Goodbye Pete & Nip’s Art (Oct 29th)

Pete was busy packing when I got up this morning. Sadly, it was time for him to return to his normal life. On the up side, this was a good opportunity for me to get a closer look at how his gear is set up. The backpack panniers are a nice touch.

Surprisingly, Pete uses a bike to tow his bike. I’d seen pictures of things like this before, but I’d never gotten an up close and personal look. Nip helped him load the dirt bike onto the trailer.


Of course, I had the usual questions. How does it handle? What kind of gas mileage do you get towing that thing? What happens if you need to stop? He seemed pretty happy with his setup. It handles decently, though the gas mileage while towing left much to be desired. Braking was assisted with this:

He had some unique solutions to problems on the road. My favorite was probably his SAE-powered electric thermos.

He had a number of switches to control power to his accessories, a bit clunky looking, but beats the hell out of an accidentally-dead battery!

On the dirt bike, his navigation was old school, a scrolling paper roll with directions.

With the last of Pete’s stuff attached to his bikes, I gathered them both together for a picture. Thanks for a great time guys! I learned a LOT!

Bye Pete! Ride safe!

With Pete gone, I had to figure out what to do with the rest of my day. I decided to catch up with the internet. My plans were in the air. I started thinking about Rob’s recommendation that I visit Saline Valley if I ever got the chance, and did some research on the current road conditions. A friend of mine, who wanted to climb Mount Whitney with me, wouldn’t be ready for another week, so I had time to kill. Could I do it?

Well, why the hell not? It couldn’t possibly be worse than the last few days…

Hmm.

I walked back to Nip’s place, grabbed my dirty clothes, and visited a laundromat nearby. I did more research and downloaded maps. Nip visited for a bit and we talked about Saline Valley, and he agreed that it was a great place and was definitely worth visiting, although he seemed concerned about me doing it solo. He’d spent a winter there once, years ago.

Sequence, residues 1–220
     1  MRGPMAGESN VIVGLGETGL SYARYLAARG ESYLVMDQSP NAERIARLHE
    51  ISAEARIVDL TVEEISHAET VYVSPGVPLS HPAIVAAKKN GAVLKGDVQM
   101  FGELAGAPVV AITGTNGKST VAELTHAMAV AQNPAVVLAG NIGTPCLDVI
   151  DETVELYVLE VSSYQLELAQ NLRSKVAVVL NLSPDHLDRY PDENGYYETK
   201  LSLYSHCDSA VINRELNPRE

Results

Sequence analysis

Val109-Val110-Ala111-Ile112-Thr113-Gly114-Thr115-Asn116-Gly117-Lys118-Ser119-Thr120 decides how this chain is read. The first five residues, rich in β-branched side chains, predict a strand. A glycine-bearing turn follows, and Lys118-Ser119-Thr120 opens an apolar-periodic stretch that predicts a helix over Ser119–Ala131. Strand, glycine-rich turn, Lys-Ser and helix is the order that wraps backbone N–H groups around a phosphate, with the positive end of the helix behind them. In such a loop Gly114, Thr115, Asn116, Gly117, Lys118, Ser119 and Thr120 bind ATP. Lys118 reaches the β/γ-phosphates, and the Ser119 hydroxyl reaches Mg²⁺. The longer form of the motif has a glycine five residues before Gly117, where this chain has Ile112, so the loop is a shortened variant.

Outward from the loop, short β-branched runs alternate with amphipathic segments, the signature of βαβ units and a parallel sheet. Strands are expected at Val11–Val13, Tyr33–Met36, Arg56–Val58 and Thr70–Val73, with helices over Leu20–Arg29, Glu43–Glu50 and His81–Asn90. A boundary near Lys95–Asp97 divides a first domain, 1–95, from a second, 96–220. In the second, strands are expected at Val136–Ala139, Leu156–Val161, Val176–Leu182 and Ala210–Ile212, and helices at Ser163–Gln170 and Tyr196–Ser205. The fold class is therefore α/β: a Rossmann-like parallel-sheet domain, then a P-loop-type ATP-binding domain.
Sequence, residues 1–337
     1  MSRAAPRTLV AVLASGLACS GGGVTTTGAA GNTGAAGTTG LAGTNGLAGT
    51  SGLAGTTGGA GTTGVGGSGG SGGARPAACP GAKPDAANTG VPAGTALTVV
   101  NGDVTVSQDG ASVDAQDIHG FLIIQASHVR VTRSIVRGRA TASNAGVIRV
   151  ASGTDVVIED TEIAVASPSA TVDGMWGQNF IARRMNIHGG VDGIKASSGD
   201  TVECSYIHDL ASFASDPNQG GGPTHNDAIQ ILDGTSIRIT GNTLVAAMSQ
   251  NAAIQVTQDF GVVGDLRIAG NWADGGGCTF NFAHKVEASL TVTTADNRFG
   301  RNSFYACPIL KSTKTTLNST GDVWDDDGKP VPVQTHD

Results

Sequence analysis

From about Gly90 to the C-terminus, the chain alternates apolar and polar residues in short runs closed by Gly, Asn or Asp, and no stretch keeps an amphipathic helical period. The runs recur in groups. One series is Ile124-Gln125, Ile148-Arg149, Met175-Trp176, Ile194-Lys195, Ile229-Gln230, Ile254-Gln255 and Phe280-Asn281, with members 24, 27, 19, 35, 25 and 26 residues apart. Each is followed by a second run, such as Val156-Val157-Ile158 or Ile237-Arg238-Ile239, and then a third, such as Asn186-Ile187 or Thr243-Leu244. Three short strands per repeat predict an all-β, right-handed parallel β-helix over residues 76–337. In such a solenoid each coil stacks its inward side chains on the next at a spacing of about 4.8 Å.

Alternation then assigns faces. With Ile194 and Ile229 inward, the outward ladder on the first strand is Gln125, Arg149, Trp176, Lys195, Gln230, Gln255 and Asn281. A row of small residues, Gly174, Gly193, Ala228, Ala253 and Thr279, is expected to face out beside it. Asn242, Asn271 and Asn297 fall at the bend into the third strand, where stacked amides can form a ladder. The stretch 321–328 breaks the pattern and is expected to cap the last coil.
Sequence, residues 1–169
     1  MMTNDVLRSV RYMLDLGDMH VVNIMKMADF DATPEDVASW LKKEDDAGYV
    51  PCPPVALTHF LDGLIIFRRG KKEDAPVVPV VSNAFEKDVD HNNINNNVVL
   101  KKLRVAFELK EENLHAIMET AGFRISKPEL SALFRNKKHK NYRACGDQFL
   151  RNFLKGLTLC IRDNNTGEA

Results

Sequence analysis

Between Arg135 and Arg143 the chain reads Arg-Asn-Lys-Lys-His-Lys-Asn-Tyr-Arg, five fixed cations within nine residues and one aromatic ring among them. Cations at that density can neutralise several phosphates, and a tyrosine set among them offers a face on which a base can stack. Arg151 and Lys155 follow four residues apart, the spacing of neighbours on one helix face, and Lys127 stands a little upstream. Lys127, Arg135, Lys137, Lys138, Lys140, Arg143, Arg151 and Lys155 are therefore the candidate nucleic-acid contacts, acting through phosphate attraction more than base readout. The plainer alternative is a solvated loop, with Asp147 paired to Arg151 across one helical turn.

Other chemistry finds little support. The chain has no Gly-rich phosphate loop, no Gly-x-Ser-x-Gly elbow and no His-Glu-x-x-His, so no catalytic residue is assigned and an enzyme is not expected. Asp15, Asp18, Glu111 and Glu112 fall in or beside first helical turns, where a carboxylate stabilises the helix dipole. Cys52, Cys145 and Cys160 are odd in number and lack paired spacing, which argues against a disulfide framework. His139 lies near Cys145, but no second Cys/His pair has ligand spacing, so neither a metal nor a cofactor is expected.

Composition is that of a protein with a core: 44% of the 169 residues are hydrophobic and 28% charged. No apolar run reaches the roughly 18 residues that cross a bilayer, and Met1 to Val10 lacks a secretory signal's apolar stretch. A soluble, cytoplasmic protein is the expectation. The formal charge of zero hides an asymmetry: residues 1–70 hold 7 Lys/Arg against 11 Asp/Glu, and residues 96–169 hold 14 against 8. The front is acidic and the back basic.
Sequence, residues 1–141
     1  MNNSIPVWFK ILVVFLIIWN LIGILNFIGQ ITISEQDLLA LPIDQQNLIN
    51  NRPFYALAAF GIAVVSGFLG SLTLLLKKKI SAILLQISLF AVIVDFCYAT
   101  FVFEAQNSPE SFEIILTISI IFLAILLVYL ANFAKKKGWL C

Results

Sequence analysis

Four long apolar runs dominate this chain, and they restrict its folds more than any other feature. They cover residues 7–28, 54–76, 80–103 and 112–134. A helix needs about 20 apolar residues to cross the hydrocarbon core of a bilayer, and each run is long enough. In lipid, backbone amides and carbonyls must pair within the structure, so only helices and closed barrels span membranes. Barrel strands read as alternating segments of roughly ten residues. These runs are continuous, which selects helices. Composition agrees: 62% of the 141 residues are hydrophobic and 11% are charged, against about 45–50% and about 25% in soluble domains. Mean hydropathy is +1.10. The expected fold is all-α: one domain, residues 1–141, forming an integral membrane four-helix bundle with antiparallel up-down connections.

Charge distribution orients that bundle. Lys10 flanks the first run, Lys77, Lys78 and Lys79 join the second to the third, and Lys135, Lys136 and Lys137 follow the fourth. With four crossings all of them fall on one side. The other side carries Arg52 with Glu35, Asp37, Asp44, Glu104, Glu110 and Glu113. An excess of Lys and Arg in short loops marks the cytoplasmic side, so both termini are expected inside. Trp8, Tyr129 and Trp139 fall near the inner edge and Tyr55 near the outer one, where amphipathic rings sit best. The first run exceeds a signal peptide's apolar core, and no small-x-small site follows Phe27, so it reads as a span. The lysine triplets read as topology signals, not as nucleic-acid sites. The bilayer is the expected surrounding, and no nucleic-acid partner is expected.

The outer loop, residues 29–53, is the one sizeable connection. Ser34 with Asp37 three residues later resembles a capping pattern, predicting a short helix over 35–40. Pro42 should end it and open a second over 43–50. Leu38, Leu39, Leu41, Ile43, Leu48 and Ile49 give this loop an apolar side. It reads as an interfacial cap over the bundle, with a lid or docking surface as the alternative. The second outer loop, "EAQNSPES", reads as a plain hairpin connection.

Eventually I wandered back to Nip’s, put my clothes away, and found him railing away at his drums in time to the radio. We chatted for a bit. “Have you ever sat at a drum kit?” “No, not really…” “I only ask because nobody ever let me sit at one and it took me buying one for myself to find out I liked it.” I sat down, and he gave me the basics. “Hit the big drum with your foot, then hit one of the smaller drums with your hand. It’s simple. Foot, hand, foot, hand. The basic rhythm was indeed easy, but when I tried to bring my other hand into it, the foot would falter. It felt like trying to pat your head and rub your stomach at the same time. Takes practice, I guess. Nip got on another set of drums (bongos?) and played along. We had fun.

Pete had mentioned that if I got the opportunity, I should ask Nip to see his portfolio, as he was once a professional animator. I worked up the courage to ask, and he laid it out on a table for me. I’ll admit surprise at what I saw.

He had a long and interesting career in animation, working on many of the shows that I had watched growing up.

It was a bit surreal. His resumé was impressive, he’d worked on everything from She-Ra to Scooby-Doo. His personal art was fantastic as well, but I feel that it might be an invasion of privacy to post it publically.

I made my way back to the garage and asked him about his art. “I was another person then.” His brows furrowed and he seemed a bit sad. He described how he used to want to make a difference with cartoons, but eventually was disillusioned by the industry. We spoke about love lost, greed in the business, politics and government. I found this in his portfolio too:

He seemed to be happy with the new life he’d built after he abandoned animation. He owns his house, has few bills, and lives in peace in a beautiful, small town. It seems such a shame that people can be chewed up and spat out by something they enjoy. “If you do go to Saline Valley, I did the art on the bathroom walls. You know, if you’re interested.” We bid each other goodnight.

I fell asleep with plans to head to Saline Valley the next day.

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